By the time girls reach age 17, more than one-third of them have experienced depression, according to a new study in the journal Translational Psychiatry. The data was compiled from 100,000 children who participated in the annual National Survey of Drug Use and Health between 2009 and 2014.
It's different with boys. By age 17, only 13.6% of boys experienced depression. Senior researcher Joshua Breslau told The Washington Post that the large gap between boys and girls is partially attributable to something socially or biologically that girls experience during their teen years. However, he noted that the difference is significant as early as age 12, suggesting that the origin of depression begins at an even younger age.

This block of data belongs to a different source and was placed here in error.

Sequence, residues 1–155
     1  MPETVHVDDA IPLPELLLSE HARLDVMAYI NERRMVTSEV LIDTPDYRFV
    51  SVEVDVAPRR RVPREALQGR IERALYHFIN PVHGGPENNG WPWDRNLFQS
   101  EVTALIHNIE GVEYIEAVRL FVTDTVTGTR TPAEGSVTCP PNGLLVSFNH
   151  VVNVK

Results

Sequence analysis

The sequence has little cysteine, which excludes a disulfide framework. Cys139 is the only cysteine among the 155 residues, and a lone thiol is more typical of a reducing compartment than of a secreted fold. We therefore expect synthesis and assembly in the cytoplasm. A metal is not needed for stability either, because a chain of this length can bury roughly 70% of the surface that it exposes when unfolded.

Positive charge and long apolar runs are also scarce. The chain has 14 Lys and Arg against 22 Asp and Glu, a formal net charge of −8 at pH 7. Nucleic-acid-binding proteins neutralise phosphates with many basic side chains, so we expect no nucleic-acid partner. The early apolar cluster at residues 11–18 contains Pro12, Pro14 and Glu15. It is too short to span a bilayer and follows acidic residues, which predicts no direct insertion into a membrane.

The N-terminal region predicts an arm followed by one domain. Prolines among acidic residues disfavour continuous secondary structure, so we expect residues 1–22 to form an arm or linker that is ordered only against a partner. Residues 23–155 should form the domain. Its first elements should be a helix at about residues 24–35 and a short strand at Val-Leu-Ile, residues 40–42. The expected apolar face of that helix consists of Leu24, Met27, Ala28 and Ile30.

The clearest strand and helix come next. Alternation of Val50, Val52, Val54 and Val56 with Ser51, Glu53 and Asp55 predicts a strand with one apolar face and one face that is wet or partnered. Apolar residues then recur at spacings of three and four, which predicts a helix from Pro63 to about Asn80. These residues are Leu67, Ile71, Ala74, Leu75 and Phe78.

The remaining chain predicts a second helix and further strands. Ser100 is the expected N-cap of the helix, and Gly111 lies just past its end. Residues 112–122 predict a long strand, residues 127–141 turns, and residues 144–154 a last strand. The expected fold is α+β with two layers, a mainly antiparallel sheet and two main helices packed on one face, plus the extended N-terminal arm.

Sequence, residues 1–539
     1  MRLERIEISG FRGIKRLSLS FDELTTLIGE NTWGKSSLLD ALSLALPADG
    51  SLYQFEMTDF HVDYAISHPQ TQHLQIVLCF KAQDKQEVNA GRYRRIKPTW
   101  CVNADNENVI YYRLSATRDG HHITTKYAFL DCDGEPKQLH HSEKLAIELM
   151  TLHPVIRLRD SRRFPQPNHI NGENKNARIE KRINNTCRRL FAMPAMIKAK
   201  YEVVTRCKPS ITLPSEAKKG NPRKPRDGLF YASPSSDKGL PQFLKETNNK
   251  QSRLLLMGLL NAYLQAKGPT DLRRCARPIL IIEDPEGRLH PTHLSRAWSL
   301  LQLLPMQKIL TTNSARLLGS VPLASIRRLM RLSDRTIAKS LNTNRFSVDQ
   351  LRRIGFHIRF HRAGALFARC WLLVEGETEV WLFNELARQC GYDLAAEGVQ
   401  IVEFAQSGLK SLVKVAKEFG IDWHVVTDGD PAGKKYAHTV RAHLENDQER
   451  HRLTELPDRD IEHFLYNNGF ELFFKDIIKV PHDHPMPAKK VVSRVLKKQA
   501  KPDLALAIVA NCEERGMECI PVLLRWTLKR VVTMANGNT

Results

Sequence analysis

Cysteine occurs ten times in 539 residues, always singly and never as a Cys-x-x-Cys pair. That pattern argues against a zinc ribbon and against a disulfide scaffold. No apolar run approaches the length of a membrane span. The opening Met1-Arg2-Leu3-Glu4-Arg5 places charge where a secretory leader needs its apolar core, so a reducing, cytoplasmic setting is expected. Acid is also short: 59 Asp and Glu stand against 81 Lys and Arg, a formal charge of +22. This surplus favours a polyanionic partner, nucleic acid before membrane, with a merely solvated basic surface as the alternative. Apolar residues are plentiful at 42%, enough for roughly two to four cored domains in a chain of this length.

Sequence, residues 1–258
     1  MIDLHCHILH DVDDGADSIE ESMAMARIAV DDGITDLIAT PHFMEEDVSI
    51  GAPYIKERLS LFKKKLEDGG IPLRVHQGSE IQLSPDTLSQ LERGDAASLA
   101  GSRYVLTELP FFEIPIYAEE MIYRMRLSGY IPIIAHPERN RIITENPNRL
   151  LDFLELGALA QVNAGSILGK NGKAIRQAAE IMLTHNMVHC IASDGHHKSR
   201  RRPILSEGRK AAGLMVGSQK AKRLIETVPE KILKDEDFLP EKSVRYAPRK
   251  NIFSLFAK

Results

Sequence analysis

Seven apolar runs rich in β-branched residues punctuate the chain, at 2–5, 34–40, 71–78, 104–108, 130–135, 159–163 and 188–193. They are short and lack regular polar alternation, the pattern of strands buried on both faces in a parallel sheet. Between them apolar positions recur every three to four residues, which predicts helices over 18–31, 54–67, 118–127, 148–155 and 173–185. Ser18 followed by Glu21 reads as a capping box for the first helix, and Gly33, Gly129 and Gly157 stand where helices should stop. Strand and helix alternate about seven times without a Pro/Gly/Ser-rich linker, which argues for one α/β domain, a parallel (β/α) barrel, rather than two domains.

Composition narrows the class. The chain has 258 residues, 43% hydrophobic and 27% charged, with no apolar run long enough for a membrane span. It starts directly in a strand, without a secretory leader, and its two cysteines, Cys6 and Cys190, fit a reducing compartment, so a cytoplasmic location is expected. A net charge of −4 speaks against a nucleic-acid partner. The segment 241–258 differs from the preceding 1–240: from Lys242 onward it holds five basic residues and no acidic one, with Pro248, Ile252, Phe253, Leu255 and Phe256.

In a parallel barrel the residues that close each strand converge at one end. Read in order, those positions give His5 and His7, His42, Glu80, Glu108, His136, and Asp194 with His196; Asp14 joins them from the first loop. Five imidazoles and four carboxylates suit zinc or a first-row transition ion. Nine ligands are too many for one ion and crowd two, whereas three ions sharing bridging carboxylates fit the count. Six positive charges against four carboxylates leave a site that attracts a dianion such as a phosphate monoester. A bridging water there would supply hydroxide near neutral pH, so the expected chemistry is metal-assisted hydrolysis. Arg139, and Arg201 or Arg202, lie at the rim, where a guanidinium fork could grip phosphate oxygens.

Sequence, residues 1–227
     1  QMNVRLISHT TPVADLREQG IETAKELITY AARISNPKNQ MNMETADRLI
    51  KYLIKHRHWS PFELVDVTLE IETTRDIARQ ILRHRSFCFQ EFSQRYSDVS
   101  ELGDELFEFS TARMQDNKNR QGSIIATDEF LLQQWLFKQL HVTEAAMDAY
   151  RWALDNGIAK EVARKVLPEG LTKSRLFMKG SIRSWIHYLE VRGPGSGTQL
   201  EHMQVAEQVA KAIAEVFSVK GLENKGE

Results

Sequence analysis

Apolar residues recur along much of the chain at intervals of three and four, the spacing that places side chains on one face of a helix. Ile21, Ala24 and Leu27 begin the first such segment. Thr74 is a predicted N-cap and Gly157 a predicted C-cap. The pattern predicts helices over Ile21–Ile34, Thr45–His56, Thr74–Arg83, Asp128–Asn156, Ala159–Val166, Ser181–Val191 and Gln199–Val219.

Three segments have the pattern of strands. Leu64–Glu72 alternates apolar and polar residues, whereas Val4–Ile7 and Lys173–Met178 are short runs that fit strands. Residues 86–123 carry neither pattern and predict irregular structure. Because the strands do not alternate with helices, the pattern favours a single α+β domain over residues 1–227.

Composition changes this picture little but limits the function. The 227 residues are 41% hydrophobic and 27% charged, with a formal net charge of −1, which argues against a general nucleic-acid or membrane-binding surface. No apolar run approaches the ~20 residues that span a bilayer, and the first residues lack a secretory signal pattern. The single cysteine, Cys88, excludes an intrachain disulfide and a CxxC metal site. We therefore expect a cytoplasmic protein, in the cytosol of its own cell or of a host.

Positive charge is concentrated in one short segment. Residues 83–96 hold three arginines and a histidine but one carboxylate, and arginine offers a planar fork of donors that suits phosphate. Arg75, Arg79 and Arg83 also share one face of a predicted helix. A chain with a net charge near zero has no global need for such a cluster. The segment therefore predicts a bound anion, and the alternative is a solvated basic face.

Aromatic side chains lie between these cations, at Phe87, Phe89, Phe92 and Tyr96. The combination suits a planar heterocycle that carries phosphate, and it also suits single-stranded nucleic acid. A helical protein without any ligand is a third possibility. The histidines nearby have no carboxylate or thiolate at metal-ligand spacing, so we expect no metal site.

The conclusion: Researchers determined that children who experienced depression function similarly in school, and also showed a similar likelihood of suicide. There is still more to be done to understand why some develop problems later in life and others come out of depression without intervention, study author Elizabeth Miller told the Post. She says it is essential for people who work with children to be able to identity signs of depression.